1,000 Friends of Florida, long-time advocate for smart growth and environmental protection, vows to fight for repeal of House Bill 7103 and the return of sound growth management in next year’s Legislature and beyond… to reaffirm that citizens’ rights to hold officials accountable for bad planning and development decisions is crucial to our state’s future. Lee Future supports this effort and encourages members to stay current on this issue.
Originally published in TCPalm.com on October 1, 2019
In 2007, a front-page Wall Street Journal article reported that the rapid population growth that had been a trademark of Florida for decades was slowing. The article posed a memorable question in its headline: “Is Florida Over?”
A dozen years later, the answer is clear: Heck, no. This summer, a state panel projected that Florida would grow by at least 330,000 people a year through 2024 — more than 900 new residents a day.
Growth at that breakneck pace, unless carefully managed, will do irreparable harm to Florida’s environment and quality of life — ironically, elements that draw new residents and visitors to the Sunshine State. Yet, earlier this year, the Legislature passed a bill — signed into law by the governor — with a provision that guts growth management.
At our nonprofit, member-supported organization, 1000 Friends of Florida, we have been champions for growth management since our founding in 1986. We could not let this new law, House Bill 7103, go unchallenged.
Last month, we filed suit against HB 7103. Our complaint points out that the law blatantly violates the Florida Constitution’s requirement that legislation be limited to a single subject. By the time it passed on the final scheduled day of the 2019 legislative session, HB 7103 had swollen to encompass 17 different subjects.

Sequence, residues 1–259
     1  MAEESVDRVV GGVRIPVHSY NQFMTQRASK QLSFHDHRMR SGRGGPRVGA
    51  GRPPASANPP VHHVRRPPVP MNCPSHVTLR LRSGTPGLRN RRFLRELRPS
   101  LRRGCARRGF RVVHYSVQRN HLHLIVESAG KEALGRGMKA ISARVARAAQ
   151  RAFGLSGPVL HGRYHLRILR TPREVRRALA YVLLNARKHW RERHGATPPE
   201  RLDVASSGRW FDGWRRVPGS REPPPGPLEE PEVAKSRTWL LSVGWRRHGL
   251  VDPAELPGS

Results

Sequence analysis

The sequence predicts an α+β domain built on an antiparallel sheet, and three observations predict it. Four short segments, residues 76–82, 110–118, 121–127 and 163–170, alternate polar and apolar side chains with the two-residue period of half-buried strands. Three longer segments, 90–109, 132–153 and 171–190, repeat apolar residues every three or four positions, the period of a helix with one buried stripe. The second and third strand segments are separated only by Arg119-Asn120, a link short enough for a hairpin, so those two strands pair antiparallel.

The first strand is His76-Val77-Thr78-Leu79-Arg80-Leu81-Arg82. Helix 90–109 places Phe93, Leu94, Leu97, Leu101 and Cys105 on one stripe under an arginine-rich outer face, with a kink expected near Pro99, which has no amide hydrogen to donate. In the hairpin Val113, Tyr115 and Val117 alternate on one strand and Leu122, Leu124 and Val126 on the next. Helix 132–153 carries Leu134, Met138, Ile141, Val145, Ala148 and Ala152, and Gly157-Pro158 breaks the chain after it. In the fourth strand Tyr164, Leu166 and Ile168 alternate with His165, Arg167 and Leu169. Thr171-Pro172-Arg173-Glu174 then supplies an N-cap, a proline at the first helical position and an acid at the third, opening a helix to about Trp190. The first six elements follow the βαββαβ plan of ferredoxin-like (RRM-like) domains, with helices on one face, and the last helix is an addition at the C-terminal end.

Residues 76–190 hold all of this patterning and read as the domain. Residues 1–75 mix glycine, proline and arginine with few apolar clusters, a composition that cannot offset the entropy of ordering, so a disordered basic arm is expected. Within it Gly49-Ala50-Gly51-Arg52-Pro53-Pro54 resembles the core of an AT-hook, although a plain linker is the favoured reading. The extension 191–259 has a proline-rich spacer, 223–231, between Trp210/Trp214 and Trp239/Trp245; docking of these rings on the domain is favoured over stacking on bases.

But that’s not the new law’s most consequential constitutional violation. In one of its 17 subject areas, HB 7103 targets Floridians who challenge development orders that are inconsistent with comprehensive plans — blueprints required under Florida law for orderly, environmentally responsible and taxpayer-friendly growth.
A provision in the new law requires citizens who file consistency challenges, and lose, to pay the legal costs of the winning side, which may include the local government and the developer. Because those expenses can easily climb into six figures, this provision effectively rules out consistency challenges for all but the wealthiest Floridians. Anyone else risks financial ruin for exercising their right to enforce their community’s comprehensive plan.
This amounts to a violation of the due process guarantee found in our state constitution, because there are no feasible alternatives for citizens to challenge inconsistent development orders.
These consistency challenges from citizens are the cornerstone of growth management in Florida.
The passage of HB 7103 was not just an attack on citizen planning rights; it was an egregious abuse of the legislative process. The amendment that snuffed out consistency challenges was unveiled on the Senate floor on the 58th day of the 60-day session. It was never introduced in committee, where it would have received at least some scrutiny — debate among members, analysis from staff, and expert testimony.
Most legislators who voted for it probably didn’t realize its disastrous impact.
Ahead of the 2020 legislative session, bills have been introduced that would repeal the amendment to HB 7103 and restore citizens’ rights in the planning process. This legislation deserves full-throated support from members of both parties and speedy passage when lawmakers reconvene in January.
Planning, citizens’ rights and environmental protection are bipartisan priorities in our state. We urge Floridians who care about their rights and the future of their communities to press their elected representatives for action in pre-session meetings, phone calls and emails.
Meanwhile, however, 1000 Friends cannot count on legislators to do the right thing. We will continue to pursue our legal battle to restore citizens’ rights in the planning process. We believe the constitution is on our side.
Is growth management over in Florida? Not if we have anything to say about it.
Paul Owens is president of 1000 Friends of Florida, a Tallahassee-based nonprofit that advocates smart growth and environmental protection.